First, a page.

Tuesday, August 19, 2008

Going off the drugs

I previously mentioned that I was tapering off of my antidepressants. I've been off of "the drugs" for about 6 weeks now and it's had some interesting side effects (which are happily gone now). After searching the internet to figure out if I was alone in these (specific) side effects, I found either (A) a long list of side effects that included everything from increased thirst to stroke, or (B) a diatribe that stated that antidepressants are satan in pill form (and that their prescribers are his minions). I suppose I can conclude that I'm not alone, but I don't know if I'm in the best company either. But there has to be other people out there who fall somewhere in the middle, so I figure heck I'll blog about it and that way if someone happens upon this post at least they'll find some other company.

First, the usual caveats about this: I've been under a doctor's supervision during the entire time of the taper and I have periodic check-ins for the next few months. So, she's ostensibly checking for the really bad side effects (suicidal thoughts, death, etc.). Plus, I did a really slow taper. (If you're curious: I went from 40 mg to 30 mg over about two weeks. Then, down to 20 mg over the same time period, but I stayed at 20 mg for about a month. Then, I went to 10 mg for a week. Finally, I finished with a week of 10 mg every-other-day.) And from what I understand that helps. However, I don't think I would've done this without my doctor watching over my shoulder, there are some unusual side effects that I would've freaked out over otherwise!

The weirdest side effect I've had is something that my doctor told me are referred to as "brain zaps." These started about three days after I completely stopped the medication. I've tried describing them to people and I think it's impossible. The closest I can come with is it's like one of those old-fashioned flash bulbs from cameras going off inside my brain. It starts somewhere towards the middle of my brain and this electric-light-like pulse balloons out to the surface of my brain. It's a bit disorientating and somewhat scary. I couldn't find a correlation with head movement, body position, time of day, food status, hydration, etc. I experienced them frequently once they started (somewhere in the vicinity of 15 times/day), but later they tapered down to about 3 times/day and are now completely gone (they only lasted about two weeks). In case you're wondering, I didn't drive during the frequent time period.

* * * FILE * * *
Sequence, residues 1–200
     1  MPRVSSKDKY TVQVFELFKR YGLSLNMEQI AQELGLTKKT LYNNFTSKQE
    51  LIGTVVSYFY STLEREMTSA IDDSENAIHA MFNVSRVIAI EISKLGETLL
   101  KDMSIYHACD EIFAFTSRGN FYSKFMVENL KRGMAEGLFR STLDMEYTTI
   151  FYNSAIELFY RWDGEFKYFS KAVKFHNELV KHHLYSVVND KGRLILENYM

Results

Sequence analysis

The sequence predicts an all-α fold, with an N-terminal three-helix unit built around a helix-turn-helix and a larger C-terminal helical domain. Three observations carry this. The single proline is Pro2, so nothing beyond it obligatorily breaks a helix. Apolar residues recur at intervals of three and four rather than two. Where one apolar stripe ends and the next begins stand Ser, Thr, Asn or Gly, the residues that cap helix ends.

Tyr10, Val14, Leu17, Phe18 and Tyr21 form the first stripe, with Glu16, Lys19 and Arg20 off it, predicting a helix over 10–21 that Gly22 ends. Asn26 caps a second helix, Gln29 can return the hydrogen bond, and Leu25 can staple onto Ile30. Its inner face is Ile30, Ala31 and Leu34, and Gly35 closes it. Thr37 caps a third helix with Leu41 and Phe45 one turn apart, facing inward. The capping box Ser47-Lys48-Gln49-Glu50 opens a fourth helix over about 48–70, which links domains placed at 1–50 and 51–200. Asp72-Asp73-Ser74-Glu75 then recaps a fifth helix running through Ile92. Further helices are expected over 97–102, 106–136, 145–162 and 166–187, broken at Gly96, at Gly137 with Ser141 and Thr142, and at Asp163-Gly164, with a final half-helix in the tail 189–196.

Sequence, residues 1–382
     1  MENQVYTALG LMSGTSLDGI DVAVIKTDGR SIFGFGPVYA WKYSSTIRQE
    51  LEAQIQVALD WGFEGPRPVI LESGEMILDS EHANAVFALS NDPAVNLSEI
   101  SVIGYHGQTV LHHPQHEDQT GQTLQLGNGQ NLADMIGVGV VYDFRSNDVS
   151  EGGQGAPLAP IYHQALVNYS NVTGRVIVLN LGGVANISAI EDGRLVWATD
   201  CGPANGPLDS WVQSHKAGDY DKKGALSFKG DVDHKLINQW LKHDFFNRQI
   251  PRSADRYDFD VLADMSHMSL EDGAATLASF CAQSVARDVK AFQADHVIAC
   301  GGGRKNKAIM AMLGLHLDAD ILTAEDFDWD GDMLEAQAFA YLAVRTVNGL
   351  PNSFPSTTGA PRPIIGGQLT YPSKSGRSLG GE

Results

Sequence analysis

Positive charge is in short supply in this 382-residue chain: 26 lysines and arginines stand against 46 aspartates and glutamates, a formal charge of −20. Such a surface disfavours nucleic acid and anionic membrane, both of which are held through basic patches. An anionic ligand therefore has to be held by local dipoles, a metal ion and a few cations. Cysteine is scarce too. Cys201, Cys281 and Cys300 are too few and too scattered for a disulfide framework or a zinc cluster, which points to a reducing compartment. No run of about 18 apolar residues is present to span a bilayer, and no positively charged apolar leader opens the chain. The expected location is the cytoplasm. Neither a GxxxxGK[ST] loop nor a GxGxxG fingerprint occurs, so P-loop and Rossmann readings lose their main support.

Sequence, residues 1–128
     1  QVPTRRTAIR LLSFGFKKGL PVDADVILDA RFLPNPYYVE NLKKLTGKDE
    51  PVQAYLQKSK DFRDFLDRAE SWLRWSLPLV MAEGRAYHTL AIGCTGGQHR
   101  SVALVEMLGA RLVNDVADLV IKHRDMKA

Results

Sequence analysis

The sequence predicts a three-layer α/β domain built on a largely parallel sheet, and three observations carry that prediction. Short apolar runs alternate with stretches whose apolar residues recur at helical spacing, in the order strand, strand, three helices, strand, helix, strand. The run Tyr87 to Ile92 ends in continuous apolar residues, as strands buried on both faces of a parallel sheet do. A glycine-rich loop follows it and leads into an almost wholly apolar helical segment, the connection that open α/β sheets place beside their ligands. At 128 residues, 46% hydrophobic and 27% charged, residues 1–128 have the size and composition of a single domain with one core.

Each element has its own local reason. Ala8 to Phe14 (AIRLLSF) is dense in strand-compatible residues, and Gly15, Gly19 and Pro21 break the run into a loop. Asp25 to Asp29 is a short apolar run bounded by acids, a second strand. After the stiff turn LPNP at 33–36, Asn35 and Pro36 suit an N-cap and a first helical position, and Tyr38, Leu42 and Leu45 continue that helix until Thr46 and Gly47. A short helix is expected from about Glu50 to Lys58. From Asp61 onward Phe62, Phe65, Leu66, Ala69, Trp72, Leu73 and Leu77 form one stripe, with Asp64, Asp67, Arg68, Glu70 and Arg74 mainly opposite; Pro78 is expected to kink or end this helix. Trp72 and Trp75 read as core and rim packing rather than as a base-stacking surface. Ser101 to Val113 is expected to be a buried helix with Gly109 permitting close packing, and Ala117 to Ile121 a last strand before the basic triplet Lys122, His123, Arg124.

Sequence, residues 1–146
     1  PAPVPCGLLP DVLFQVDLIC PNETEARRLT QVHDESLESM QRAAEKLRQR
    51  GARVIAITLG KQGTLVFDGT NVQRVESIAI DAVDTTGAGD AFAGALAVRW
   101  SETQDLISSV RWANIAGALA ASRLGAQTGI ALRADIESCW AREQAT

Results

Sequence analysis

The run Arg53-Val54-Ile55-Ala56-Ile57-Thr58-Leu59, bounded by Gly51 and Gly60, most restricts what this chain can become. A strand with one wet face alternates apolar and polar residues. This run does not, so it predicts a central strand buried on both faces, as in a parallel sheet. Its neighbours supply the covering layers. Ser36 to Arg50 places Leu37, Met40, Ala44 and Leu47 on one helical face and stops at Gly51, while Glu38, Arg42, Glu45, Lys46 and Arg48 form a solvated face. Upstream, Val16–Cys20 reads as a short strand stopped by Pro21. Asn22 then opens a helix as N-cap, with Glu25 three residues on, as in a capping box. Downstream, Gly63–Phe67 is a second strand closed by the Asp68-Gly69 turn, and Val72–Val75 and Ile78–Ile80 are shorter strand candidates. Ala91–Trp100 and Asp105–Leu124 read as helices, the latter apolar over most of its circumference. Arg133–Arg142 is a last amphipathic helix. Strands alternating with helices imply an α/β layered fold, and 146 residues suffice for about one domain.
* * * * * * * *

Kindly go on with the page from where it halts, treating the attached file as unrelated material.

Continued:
The least expected side effect I've had is increased thirst. I was thirsty all the time, even though I wasn't not remotely dehydrated. I was drinking something like 5 liters a day. Between the water and the bathroom, I'm amazed that I got anything done in lab.

And Last But Not Least, the worst side effect: increased irritability. My doctor told me that it wasn't not what I feared-- relapse-- but a "re-setting of my neurochemistry." It's not a relapse until some specific time period has elapsed (I'm not sure about the exact length of that time period). So, until my brain reset itself, what little patience I normally had was gone. And by gone I mean non-existant. Dealing with FlightyUndergrad was a herculean task (and, no, this is not me exagerrating). I actually sent her home early one day because, otherwise, I may have started on a very quiet, but forceful rant on how she needs to pay attention to the warnings I give her and that when I say to write something down I'm not doing it for my health.